Submitted to: Toxins
Publication Type: Peer Reviewed Journal
Publication Acceptance Date: 2/12/2020
Publication Date: 2/14/2020
Citation: Rasooly, R., Do, P.M., Hernlem, B.J. 2020. CCD based detector for detection of Abrin toxin activity. Toxins. 12(2). https://doi.org/10.3390/toxins12020120.
Interpretive Summary: Abrin is a very poisonous protein produced in the seeds of the Rosary Pea (Abrus precatorius). Because it is such a potent toxin it is considered a possible bio-terror weapon. There are many ways to test for the presence of abrin but few can tell if the toxin is in the active form that can make people sick or kill them. We have built a simple and low-cost CCD camera device and used it with tests that either produced a color change or a change in the fluorescent glow of cells when active abrin toxin was present. The fluorescent method was able to detect very low levels (about 0.1 pg/mL) of active abrin. We also tested whether heat could destroy the toxin’s activity in milk and in buffer. This only worked when small amounts of abrin were present or when heated for a long time.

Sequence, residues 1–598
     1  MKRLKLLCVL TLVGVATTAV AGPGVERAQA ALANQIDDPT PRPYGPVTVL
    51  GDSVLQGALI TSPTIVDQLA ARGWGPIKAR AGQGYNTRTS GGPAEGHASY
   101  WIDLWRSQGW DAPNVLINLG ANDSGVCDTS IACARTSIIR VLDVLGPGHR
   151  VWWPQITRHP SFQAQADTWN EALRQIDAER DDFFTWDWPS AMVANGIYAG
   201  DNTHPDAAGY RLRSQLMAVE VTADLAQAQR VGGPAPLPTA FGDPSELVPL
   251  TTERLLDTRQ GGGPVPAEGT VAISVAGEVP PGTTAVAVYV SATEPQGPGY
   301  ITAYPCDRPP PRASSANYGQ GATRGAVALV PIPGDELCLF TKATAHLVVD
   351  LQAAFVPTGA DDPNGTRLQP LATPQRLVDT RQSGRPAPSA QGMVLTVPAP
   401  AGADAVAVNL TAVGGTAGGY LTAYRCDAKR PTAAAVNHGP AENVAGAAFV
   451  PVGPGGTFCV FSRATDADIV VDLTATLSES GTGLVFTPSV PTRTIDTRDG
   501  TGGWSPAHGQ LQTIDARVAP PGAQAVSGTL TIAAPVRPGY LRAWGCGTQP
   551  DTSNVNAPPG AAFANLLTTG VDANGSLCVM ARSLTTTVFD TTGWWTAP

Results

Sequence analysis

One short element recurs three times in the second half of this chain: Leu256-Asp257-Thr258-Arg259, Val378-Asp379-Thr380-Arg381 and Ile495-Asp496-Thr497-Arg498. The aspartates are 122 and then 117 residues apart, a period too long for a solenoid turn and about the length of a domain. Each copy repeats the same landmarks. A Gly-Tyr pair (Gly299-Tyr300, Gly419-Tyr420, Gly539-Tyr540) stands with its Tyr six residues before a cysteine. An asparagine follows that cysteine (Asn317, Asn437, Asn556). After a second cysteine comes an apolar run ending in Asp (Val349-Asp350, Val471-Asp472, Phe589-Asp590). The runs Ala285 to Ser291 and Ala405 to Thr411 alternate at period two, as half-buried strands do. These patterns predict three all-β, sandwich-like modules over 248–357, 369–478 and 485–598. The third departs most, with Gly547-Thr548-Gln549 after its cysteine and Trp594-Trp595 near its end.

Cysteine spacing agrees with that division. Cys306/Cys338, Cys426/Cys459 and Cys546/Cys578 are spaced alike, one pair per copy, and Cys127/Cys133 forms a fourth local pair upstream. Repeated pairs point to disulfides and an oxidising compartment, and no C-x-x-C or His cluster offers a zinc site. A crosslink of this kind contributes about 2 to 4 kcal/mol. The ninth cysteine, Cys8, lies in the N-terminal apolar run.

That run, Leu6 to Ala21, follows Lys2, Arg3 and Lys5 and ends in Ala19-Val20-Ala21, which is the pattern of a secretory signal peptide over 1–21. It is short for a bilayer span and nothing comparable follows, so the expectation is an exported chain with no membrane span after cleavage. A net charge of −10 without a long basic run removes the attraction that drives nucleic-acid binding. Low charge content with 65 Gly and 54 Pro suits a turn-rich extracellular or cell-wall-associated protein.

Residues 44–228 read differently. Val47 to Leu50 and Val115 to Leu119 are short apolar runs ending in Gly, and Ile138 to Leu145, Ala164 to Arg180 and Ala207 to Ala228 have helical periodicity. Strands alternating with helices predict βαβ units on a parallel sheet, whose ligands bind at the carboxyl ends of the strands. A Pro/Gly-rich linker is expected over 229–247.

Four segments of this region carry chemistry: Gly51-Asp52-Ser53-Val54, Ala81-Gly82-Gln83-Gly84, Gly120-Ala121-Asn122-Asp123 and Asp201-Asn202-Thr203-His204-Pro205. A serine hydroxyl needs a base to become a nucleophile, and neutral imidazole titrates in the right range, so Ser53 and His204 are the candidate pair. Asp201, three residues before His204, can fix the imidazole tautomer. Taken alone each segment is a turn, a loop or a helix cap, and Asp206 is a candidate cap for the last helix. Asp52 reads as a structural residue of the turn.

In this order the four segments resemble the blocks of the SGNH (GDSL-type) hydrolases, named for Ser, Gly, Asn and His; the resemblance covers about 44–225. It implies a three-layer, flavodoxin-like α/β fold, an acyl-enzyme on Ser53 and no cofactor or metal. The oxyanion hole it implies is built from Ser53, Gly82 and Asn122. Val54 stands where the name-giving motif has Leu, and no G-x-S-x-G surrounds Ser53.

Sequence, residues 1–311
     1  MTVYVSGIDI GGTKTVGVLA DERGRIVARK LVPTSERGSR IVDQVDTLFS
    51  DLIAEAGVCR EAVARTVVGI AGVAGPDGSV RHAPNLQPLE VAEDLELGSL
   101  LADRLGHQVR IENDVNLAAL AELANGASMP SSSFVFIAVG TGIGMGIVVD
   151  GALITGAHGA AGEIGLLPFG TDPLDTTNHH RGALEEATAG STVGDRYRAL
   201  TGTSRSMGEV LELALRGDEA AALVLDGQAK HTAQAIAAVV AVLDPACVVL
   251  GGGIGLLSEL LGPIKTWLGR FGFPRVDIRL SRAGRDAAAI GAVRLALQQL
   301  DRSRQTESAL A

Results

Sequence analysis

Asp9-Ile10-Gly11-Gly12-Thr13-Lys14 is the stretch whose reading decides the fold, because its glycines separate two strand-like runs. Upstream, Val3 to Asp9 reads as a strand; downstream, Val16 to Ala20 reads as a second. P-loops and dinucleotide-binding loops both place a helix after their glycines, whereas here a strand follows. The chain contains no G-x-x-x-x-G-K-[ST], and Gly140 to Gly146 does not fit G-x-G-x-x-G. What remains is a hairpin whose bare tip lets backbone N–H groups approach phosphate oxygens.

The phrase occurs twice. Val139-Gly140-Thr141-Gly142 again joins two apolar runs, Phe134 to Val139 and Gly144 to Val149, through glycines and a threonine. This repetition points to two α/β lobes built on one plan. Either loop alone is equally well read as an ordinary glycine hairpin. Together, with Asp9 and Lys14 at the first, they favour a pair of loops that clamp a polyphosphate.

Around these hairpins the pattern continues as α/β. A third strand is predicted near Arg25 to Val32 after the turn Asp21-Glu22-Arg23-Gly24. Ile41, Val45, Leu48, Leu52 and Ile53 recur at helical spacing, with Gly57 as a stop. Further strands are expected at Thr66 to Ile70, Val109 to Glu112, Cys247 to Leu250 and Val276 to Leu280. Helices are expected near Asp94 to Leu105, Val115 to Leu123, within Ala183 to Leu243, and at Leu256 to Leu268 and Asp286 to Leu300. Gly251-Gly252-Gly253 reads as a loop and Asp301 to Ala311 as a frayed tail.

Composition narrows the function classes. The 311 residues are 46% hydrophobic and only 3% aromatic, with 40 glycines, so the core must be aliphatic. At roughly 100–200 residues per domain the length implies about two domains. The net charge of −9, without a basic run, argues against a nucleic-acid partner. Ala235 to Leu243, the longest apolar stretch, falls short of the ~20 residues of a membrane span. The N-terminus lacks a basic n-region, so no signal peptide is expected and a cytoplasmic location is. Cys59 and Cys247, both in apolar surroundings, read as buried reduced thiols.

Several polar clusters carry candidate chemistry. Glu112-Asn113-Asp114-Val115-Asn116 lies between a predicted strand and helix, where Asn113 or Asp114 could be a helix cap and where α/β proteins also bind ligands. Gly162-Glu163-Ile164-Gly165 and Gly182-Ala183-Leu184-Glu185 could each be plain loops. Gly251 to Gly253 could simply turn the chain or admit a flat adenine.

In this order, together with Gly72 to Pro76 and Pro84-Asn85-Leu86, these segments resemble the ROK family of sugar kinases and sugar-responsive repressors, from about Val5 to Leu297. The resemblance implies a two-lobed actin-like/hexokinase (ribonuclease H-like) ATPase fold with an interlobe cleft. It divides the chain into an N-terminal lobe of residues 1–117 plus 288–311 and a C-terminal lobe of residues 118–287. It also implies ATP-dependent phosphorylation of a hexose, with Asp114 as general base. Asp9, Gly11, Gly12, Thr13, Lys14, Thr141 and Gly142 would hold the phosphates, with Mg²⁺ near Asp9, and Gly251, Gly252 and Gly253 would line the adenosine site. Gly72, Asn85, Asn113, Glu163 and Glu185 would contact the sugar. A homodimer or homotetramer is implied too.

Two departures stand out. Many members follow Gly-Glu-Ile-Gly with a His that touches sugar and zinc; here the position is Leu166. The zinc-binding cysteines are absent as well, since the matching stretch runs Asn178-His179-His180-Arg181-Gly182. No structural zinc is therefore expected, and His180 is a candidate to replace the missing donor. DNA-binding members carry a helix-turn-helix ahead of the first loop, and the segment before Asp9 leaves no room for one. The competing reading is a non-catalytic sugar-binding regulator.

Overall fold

Technical Abstract: Abrin is a highly potent and naturally occurring toxin produced in the seeds of Abrus precatorius (Rosary Pea) and is a concern as a potential bio-terrorism weapon. There are many rapid and specific assay methods to detect this toxic plant protein, but few are based on detection of toxin activity, critical to discern biologically active toxin that disables ribosomes and thereby inhibits protein synthesis, producing cytotoxic effects in multiple organ systems, from degraded or inactivated toxin which is not a threat. A simple and low-cost CCD detector system was evaluated with colorimetric and fluorometric cell-based assays for abrin activity; in the first instance measuring the abrin suppression of mitochondrial dehydrogenase in Vero cells by the MTT-formazan method and in the second instance measuring the abrin suppression of GFP in transduced Vero and HeLa cells. The limit of detection using the colorimetric assay was 10 pg/mL which was comparable to the fluorometric assay using HeLa cells. However, with GFP transduced Vero cells a hundred-fold improvement in sensitivity was achieved. Results were comparable to those using a more expensive commercial plate reader. Thermal inactivation of abrin was studied in PBS and in milk using the GFP-Vero cell assay. Inactivation at 100°C for 5 min in both media was complete only at the lowest concentration studied (0.1 ng/mL) while treatment at 63°C for 30 min was effective in PBS but not milk.